As a young woman, Vivien is as beautiful as a movie star, causing her mother to buy her ‘expensive, absurdly sexy dresses’. When she walks through the house in her swimsuit, her father has to ‘spout elaborate theories about Eisenhower’ to cover his embarrassment. She is a successful semi-professional ballroom dancer, marries a Reform rabbi, and in no time at all has overtaken her mother, becoming one of the ladies who lunch. Ella regards her daughter’s natural elegance with a mixture of discomfort and pride; more disturbing, once Lena goes to Panorama Village, is the implied transfer of power that has Vivien placating Mrs Lowenstein, taking responsibility for her sister’s misdemeanours.
It is a tacit assumption of the non-handicapped world that retarded people will always remain children; that while their bodies may mature, they cannot expect to experience romantic love. When Lena hits puberty, Ella observes her development, but denies its potential: ‘Lena’s breasts were beautiful, like small tulips, but Ella understood that they had no clear purpose. They would never, she thought, be kissed by a man; they would never be suckled by an infant.’ At 21, Lena announces her desire for a husband, prompting a disastrous run-in with a matchmaker and hilarious cosmetics lessons at the Wilshire Charm School. When Bob, her soul mate, unexpectedly appears, the two begin their courtship immediately, and riff on each other with absolute joy and a rebellious glee, filling Ella with panic. Bob is half an hour early for their first date, and wastes no time; he looks at Lena ‘frankly, as though he had a right to her’. Their developing relationship provides the most exhilarating section of the novel, and far from patronising their sexual chemistry Bender makes it seem enviable. After their wedding in Las Vegas, Ella observes them in the pool:
Lena and Bob tumbled and splashed, cheerful, muffled bellows rising from their mouths. Their slick arms smacked the waves and swooped under the water, and their faces butted and kissed, but it was not exactly clear what they were doing to each other. The crowd around the pool was riveted. Ella felt the backs of her knees tense. She was just about to stand up when Lena swung herself out of the pool. She glittered, the water shining on her hair, and walked back to her chaise.
‘I would like to share a room with Bob,’ Lena said.
While Lena seems sure of what she wants and what she is owed, Vivien’s daughter, Shelley, is paralysed by matters of identity and her place in the world. She has difficulty understanding the changing social codes and shifting loyalties of adolescence, and even her parents seem to speak in a strange code. Her friends have ditched her, co-ordinated their outfits, and left her to sit alone at lunch. Bender is very good at describing her pain and the bizarre pack behaviour of pre-teen girls: ‘They spoke in darting, urgent whispers, erupting into laughter that sounded like shrieks of pain. Their old selves had been discarded, forgotten.’ Lena and Bob offer unconditional acceptance, and with them Shelley explores different identities, dressing outrageously in tiaras and high heels for her visits to Panorama Village. They imagine living in a grand house together and having parties, and their fantasies recall Lou and Ella’s idealised California selves. Bob’s death shatters the cocoon that their friendship has wound around Shelley, who worries that she might have been responsible for ‘the accident’ that killed him.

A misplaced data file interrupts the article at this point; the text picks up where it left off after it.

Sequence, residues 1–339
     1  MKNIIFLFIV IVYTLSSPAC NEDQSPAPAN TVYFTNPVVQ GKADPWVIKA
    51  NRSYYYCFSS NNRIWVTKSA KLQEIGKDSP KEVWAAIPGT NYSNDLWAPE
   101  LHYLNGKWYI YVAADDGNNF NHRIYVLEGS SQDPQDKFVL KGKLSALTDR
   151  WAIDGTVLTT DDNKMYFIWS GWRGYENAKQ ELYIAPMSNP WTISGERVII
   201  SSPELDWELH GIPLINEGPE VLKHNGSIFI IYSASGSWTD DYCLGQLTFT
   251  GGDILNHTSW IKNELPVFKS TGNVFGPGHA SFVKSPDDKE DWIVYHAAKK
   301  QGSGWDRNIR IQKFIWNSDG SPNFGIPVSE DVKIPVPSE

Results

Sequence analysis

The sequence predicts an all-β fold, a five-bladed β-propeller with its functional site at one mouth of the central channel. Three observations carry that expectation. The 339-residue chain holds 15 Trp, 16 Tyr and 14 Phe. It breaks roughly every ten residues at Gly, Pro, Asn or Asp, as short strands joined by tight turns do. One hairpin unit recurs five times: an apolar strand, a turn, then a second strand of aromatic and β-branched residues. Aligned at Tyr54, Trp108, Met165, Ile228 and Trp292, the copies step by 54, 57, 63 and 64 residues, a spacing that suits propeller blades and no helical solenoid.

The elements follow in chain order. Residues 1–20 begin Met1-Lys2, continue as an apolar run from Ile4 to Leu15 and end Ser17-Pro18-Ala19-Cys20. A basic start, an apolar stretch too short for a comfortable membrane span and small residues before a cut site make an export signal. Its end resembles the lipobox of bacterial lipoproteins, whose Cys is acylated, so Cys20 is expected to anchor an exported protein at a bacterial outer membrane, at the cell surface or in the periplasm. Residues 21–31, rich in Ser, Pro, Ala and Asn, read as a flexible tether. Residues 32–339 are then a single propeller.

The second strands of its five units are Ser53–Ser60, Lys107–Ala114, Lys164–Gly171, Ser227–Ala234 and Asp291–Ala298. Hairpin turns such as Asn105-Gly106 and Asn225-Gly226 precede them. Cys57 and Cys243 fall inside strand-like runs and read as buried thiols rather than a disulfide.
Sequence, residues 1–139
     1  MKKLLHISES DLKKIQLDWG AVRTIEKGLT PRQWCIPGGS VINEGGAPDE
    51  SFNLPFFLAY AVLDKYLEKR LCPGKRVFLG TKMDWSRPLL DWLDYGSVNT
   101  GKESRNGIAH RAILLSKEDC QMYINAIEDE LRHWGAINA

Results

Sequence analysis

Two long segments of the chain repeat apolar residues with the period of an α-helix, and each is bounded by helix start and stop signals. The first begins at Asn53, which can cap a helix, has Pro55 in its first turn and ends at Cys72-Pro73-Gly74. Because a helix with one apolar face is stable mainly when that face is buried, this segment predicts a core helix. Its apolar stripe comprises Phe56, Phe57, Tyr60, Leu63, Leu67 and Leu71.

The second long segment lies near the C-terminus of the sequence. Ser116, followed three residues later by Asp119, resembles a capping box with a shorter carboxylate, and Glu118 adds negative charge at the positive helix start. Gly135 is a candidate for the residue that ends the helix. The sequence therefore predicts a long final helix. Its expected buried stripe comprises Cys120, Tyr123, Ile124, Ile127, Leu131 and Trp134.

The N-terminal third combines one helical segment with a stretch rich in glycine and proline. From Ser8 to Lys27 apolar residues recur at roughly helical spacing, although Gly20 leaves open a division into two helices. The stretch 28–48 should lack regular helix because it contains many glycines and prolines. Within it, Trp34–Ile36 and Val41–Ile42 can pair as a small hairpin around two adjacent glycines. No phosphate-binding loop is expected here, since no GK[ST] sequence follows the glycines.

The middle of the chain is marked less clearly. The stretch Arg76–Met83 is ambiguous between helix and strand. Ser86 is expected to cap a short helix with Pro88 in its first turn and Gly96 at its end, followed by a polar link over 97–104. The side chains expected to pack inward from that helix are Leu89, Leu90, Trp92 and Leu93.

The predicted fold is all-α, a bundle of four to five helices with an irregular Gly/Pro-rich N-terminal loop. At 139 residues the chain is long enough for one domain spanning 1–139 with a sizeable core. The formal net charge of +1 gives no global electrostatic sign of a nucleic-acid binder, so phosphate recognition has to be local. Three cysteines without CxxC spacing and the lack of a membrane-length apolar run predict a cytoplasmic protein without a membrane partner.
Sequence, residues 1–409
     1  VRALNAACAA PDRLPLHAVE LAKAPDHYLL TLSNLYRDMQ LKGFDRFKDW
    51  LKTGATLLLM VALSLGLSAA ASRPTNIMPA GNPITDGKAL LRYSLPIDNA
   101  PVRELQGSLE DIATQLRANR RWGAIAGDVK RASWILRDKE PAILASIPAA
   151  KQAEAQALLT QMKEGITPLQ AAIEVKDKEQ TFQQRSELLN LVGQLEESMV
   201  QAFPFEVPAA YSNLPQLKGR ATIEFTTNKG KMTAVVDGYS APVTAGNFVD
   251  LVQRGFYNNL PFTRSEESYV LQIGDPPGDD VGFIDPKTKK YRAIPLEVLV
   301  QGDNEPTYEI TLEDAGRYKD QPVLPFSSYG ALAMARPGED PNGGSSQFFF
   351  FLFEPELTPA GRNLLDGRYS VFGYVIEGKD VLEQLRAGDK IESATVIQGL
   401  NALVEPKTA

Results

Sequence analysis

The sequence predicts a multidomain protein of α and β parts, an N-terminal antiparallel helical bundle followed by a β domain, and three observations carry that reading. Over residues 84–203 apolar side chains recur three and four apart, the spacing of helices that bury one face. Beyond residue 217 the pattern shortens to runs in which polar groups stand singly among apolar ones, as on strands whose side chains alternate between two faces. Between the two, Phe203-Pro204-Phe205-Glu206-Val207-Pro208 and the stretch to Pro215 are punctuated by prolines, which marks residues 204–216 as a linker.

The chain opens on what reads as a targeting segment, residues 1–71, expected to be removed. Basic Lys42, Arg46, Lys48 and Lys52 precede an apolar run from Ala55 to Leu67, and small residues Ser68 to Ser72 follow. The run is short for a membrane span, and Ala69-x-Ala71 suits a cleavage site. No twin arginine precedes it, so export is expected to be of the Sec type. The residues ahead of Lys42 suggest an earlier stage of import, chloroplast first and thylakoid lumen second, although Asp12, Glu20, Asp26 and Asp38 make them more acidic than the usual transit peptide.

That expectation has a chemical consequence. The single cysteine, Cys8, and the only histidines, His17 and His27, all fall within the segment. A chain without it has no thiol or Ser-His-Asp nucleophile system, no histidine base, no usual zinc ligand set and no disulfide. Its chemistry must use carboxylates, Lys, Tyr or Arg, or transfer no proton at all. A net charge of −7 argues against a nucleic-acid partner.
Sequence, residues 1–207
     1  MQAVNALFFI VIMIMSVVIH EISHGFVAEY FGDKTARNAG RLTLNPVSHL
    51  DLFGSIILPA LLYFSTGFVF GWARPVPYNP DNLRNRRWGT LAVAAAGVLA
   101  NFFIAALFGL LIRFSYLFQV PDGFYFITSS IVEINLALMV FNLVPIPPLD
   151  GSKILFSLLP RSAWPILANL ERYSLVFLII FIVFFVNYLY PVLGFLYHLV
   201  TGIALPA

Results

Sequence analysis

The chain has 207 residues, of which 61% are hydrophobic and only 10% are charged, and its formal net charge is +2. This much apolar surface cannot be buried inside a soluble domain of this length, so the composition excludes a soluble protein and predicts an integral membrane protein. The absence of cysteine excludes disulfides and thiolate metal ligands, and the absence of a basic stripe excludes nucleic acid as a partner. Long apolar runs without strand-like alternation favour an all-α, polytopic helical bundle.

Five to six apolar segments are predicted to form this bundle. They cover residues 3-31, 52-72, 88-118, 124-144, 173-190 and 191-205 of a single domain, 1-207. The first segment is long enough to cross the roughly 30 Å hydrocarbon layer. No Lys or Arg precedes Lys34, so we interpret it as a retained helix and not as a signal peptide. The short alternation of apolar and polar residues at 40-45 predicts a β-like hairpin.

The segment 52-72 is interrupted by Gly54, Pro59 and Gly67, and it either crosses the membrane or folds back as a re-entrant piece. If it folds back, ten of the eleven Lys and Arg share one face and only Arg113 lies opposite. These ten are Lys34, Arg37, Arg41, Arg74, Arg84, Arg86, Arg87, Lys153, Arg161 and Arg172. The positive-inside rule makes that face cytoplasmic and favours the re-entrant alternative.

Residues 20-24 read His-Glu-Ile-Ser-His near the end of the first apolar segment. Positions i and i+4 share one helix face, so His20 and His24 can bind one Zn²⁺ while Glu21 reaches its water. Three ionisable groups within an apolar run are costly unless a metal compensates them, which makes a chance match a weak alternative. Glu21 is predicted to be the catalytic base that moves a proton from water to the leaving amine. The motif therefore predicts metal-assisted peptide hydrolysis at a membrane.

Lena herself has an ambiguous understanding of Bob’s death. She remembers his funeral but waits for him on their anniversary, anxious that he may have stopped loving her. Her expectations do not seem unrealistic so much as multilayered, as if they were quite reasonable, given her love for him. It is a way of thinking that isn’t out of place in her family. Shelley is young enough to believe that kissing results in a sort of reciprocal telepathy and that love entails total understanding, a belief only partially undermined by a dangerous encounter with a bodybuilder called Ambrosio. After Lou’s death, Ella conjures up a fictitious extramarital affair on Lou’s part so that she will miss him less, yet still stocks the fridge with his favourite foods, hoping she will open it later to find they’ve been eaten. Eventually, Lena’s love for Bob gives way to a mature and delicate grief, and in the end it is she who provides Shelley’s absolution.
Like Normal People is a very funny novel. The physical world Bender presents is lush with detail, and 1970s California appears as a surreal dream, full of colour and light. A less skilful writer could have made this an awful tale of eccentricities and wacky foibles – or worse, a message-driven melodrama – but Karen Bender shows respect for her characters, and keeps highly charged emotional situations from disintegrating into chaos. Lena is a three-dimensional heroine, by turns demure and flirtatious, manipulative and raging. She is the star of this novel, although Ella, in true matriarchal style, claims the last word with her musings on mortality and how she will continue to affect those she leaves behind. But it is Lena, in her red sneakers and housecoat, who will stay in the mind.